Rian extracts and accentuates their hooks in series of jabbing, asymmetric reductions for the ‘floor with results intended to rewire muscle memories and inject the club with a healthy dose of advanced daftness. In each part Rian exerts a singular spin on timeless evergreens, demonstrating his roots in hip hop and UK dance music’s sampling cultures, while exemplifying an inexorable, personalised push for new patterns of dancefloor possibility.
All material has been thoroughly disruptive in a variety of situations, from midsummer rites at IMMA to Radio 1Xtra to freak raves in Salford and, most recently, as part of Rian’s Boiler Room performance in Helsinki, the latter of which drew opposing criticism from its YouTube viewers; prompting Wayne Cloete to remark “what do you call this cos it aint music its like a production that went wrong or still trying to figure out the beat”, whereas Viktor Štech claimed Rian to be a “genius with rhythm.” To be fair they’re both right, but only one of them knows it.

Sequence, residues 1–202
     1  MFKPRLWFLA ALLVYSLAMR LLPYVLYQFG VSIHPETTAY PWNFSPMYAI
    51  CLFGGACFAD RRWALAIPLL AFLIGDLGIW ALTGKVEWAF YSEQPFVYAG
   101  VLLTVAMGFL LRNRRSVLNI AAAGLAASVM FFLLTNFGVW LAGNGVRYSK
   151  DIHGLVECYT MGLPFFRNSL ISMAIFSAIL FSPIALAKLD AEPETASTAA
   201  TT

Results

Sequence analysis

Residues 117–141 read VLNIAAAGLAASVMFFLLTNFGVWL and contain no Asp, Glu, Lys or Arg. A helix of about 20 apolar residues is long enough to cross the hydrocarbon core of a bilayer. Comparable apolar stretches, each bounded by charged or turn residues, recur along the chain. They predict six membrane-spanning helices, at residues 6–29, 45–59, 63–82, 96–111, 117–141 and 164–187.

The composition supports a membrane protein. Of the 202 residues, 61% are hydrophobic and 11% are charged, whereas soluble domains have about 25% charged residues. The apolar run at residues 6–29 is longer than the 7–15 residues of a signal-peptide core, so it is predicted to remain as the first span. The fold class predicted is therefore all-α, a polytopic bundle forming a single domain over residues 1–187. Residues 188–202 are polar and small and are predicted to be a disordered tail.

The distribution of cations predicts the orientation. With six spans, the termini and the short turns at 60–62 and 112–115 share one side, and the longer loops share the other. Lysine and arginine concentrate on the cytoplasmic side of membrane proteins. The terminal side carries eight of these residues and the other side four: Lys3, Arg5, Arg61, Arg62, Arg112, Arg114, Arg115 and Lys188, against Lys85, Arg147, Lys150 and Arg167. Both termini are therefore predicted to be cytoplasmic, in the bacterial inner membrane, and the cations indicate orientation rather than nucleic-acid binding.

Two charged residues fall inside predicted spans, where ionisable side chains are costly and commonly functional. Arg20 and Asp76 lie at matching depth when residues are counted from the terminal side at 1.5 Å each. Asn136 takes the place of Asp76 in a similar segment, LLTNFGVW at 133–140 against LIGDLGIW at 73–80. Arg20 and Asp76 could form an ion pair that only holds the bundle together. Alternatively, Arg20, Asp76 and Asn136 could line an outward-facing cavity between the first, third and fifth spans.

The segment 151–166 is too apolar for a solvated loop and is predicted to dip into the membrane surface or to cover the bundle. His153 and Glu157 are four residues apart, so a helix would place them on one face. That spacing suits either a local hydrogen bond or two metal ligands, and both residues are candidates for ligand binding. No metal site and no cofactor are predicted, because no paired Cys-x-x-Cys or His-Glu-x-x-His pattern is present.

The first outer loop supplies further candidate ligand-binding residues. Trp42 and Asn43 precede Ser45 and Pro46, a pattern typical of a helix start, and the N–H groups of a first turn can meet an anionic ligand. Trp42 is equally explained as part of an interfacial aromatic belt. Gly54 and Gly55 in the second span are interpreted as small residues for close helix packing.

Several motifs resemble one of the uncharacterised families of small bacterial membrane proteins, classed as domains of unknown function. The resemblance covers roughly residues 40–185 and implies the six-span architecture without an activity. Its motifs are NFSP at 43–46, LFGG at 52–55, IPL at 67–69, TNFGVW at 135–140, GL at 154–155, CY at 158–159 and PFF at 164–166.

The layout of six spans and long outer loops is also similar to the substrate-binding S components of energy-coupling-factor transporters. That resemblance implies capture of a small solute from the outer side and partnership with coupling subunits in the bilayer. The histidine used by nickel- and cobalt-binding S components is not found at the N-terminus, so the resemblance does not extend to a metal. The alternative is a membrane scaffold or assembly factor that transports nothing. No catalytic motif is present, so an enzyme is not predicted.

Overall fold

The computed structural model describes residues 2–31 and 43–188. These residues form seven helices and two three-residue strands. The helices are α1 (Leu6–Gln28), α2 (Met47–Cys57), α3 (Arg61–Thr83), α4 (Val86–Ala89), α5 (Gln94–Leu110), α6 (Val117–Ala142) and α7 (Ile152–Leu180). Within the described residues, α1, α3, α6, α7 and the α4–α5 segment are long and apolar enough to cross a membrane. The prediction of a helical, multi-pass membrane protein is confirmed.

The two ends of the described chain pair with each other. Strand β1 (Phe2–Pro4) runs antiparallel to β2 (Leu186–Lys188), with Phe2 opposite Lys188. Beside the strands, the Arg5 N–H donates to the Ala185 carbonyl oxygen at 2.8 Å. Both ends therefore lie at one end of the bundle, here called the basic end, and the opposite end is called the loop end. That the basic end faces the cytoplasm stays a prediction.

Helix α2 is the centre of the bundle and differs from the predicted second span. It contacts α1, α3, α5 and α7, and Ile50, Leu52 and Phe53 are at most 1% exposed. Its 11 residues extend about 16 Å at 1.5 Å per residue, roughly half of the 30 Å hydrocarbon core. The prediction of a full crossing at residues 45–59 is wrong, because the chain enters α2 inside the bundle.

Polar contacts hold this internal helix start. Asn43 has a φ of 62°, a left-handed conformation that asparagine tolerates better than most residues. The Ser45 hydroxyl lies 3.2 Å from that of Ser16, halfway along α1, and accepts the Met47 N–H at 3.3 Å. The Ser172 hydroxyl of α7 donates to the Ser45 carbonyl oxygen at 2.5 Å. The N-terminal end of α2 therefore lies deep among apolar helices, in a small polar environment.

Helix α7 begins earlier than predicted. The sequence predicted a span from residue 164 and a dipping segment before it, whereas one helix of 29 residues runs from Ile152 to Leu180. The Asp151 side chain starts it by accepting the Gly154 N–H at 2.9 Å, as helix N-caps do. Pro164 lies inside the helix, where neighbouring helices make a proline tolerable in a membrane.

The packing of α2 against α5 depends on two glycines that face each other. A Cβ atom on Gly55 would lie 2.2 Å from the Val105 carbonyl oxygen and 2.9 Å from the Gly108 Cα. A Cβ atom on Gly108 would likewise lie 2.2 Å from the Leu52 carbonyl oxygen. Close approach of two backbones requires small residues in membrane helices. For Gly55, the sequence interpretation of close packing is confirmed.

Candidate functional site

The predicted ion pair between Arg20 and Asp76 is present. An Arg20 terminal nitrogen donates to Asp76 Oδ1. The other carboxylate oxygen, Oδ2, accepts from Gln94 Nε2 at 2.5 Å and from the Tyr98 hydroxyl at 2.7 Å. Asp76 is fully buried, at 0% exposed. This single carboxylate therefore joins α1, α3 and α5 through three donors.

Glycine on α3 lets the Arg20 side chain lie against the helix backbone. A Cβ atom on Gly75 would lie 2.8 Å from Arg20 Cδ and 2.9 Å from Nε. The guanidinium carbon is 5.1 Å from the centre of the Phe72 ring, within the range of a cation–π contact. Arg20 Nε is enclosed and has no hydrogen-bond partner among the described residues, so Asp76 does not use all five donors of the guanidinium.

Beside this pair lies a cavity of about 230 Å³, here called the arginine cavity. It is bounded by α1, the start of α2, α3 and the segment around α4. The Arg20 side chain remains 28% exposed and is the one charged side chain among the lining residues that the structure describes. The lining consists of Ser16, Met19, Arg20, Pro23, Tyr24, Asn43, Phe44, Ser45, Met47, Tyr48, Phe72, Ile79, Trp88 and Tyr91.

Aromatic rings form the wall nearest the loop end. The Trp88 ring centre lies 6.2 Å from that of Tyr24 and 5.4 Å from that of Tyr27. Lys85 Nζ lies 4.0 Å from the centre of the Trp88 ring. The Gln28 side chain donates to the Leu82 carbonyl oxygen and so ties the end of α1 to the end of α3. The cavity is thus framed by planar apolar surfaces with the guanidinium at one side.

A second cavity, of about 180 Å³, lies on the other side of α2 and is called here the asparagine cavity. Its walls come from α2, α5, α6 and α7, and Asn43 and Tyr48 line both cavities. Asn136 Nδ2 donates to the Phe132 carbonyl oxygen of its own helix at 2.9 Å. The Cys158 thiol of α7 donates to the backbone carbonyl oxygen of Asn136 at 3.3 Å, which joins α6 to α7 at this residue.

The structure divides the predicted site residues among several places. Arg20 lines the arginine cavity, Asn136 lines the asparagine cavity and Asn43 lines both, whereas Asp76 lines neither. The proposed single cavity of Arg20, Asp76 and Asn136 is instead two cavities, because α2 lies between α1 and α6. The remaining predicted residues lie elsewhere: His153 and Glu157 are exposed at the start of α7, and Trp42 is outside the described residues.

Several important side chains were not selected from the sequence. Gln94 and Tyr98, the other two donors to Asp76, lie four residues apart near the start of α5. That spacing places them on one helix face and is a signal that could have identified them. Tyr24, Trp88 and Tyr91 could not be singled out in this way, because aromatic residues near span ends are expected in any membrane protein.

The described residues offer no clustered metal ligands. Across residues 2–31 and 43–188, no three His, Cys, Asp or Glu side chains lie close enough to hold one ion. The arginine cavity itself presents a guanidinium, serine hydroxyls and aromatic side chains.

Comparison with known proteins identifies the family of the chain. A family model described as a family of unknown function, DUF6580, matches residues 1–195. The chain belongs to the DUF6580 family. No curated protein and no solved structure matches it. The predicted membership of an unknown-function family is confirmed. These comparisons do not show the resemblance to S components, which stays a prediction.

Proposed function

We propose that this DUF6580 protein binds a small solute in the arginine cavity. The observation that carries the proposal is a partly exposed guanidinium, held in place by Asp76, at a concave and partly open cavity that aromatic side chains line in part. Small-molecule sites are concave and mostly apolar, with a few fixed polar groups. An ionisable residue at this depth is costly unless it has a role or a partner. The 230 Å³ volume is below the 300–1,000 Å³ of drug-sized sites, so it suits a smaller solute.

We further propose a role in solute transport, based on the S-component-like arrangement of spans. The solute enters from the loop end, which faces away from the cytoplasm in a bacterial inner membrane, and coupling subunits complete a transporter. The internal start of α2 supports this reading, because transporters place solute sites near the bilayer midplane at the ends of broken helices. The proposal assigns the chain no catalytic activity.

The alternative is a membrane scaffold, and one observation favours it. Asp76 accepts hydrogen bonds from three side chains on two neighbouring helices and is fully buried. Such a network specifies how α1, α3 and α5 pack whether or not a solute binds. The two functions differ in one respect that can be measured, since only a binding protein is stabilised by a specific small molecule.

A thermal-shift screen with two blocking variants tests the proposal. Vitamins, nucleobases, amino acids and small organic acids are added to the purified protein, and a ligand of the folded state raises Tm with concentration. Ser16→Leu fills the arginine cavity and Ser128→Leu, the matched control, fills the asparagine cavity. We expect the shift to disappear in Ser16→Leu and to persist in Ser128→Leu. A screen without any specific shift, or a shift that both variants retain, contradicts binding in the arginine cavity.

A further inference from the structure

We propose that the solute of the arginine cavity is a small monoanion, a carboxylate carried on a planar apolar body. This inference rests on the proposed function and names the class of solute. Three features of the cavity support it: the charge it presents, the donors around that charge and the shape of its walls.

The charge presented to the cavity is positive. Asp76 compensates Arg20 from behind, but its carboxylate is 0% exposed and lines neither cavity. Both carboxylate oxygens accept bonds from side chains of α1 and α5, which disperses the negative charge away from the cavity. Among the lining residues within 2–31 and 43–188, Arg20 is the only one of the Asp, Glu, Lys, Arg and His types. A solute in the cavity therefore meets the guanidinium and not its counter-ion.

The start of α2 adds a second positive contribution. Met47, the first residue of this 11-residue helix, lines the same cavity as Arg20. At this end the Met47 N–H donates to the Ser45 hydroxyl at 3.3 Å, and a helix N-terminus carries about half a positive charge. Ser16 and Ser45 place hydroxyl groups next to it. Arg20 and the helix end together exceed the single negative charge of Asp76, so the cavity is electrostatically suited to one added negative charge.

Basically the A-side is mental party fuel - especially if you like alcopops, Lollywood soundtracks or Ferris Bueller’s Day Off - while the B-side turns 3 mins of ‘80s pop brilliance into a 14 minute+ monster, cannily riffing on the idea of deferred gratification.
Shelley Parker churns up a strong mix of concrète and bass music styles in her ruffneck debut for Hessle Audio
Marking the final Hessle Audio 12” of 2018, Shelley synchs bare bones breaks with seismic subs and field recordings of Carnival and her work for choreography to serve a hyperrealistic sensation of London in flux.
From her construction site stepper ‘Red Cotton’, uncannily recalling Nomex & Scud’s ‘Piling Machine’ , thru the spectral convolutions and ricocheting echoes of Notting Hill Carnival laced into ‘Angel Oak’, and the clash of smooth pads and bagging textures in ‘Masonry Pier’, Shelley’s soundsphere is impressively unique and subtly suggestive, while the remix finds Ploy bringing the groove forward with patented percussive chops and fine-tuned dancefloor suss.